Why recount Wisconsin’s Presidential Election?
Whenever computers are used, it is important to have routine verification of the results, to detect any machine malfunction or human error. Unfortunately, Wisconsin’s voting machine audit procedures are insufficient and non-binding.
Voters need to have confidence that their votes are properly counted. Regular, binding audit procedures are the best way to ensure that counting and tabulation. Even the appearance of inaccurate results is enough to dissuade people from voting, so unverified election results are a form of voter suppression.
In addition to this general rule, the circumstances around the 2016 Wisconsin Presidential Election caused even more reason for scrutiny. Three conditions made it necessary to recount Wisconsin’s presidential election.
- Elections practices that include no routine prudent verification
- Widespread concern about machine vulnerability from the voter on the street to the highest levels of the US government
- Close and unexpected election results
II. Findings of the recount across 72 counties in state of Wisconsin:
A. Did Wisconsin’s Recount confirm the results of the Presidential Election? No
- Only 51 of 72 counties, representing 53% of total ballots, did hand recounts.
Presiding Judge Bailey-Rihn on the case stated “Again, I think everyone would strongly encourage them to do the hand recount” (http://chg.bz/WIjudge page 150).
In the 21 counties that did not do a hand recount, ballots were fed through machines supplied and programmed by the same people as on Election Day.
- Machines are equipped with wireless communications capability, an unnecessary and unacceptable risk.
- Computer software is privately owned and not subject to inspection.
- Even the Wisconsin Election Commission tacitly acknowledged the insufficiency of the recount by ordering machine audits in precincts that did not hand recount the ballots.
B. Did Wisconsin’s Recount confirm that votes are counted accurately? No.
- 64% of precincts changed vote totals in the recount.
- Over 17,000 votes were changed as a result of the recount.
- It showed that obvious, easily detected errors are included in election results. For example, 440 votes from one Oneida County town were left out of the original results, making it look like half the voters had not cast a vote for president. In the City of Milwaukee, 246 votes from one polling place were omitted when results were first certified.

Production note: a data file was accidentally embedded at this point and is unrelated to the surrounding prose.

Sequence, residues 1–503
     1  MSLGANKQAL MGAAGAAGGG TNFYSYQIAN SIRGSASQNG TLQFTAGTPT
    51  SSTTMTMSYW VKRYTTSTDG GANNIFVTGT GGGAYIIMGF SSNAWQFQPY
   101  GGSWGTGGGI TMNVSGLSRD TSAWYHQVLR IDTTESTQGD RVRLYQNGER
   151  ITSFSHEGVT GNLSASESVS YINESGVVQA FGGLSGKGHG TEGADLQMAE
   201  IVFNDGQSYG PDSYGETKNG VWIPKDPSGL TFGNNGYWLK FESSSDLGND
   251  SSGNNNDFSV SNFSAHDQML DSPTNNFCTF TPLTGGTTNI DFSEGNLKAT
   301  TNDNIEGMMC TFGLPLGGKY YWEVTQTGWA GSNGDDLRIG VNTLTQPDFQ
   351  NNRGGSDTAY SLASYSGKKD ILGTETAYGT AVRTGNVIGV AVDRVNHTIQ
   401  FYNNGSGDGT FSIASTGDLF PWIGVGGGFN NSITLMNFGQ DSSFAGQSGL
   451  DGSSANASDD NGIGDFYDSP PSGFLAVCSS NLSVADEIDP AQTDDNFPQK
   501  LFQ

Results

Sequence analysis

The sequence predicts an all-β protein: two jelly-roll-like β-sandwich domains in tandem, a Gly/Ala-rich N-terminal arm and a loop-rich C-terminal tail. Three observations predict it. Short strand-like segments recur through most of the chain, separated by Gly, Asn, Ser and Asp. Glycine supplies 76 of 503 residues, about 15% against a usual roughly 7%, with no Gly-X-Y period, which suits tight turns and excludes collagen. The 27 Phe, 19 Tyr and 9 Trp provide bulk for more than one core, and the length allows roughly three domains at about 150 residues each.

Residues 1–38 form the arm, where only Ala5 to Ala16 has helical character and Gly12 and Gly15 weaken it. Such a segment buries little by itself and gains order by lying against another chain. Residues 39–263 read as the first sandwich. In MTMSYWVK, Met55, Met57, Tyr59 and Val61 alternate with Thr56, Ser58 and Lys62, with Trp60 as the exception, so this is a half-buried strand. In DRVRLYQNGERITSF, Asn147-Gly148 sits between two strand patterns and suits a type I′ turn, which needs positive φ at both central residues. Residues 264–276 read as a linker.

- Voting machines are unable to read voter intent marked in predictable ways, leading to problems, such as the omission of 23.9% of the absentee votes from the City of Marinette’s original certified election results.
- It revealed highly unreliable counting of write-in votes, so much so that 15.7% of the votes cast for Evan McMullin statewide were missed in Election-Night counting.
- It discovered uncounted absentee ballots and inconsistent practices in determining legitimacy of absentee ballots.
- It revealed poor voting machine security, such as unnoticed missing seals on St. Croix County machines.
- It discovered hundreds of absentee ballots left in their envelopes on Election Day uncounted.
Municipal and county clerks have testified that recounts are the only opportunity most elections workers ever get to check their work.
We know that the vast majority of election workers, from the Election Day poll workers to the municipal and county clerks, perform their duties conscientiously and diligently. Nonetheless, mistakes happen. Unfortunately, Wisconsin’s laws and practices, both on Election Day and during the recount, do not do enough to uncover and reconcile those errors.
As evidenced above, these discoveries show the need for paper ballots filled out by the voter, binding machine audits after every election, and recount laws that require hand tabulation. Election Day and recount procedures all require better oversight and clarification. Our citizens deserve no less, and we implore our state legislators and county and municipal clerks to act promptly to remedy this situation.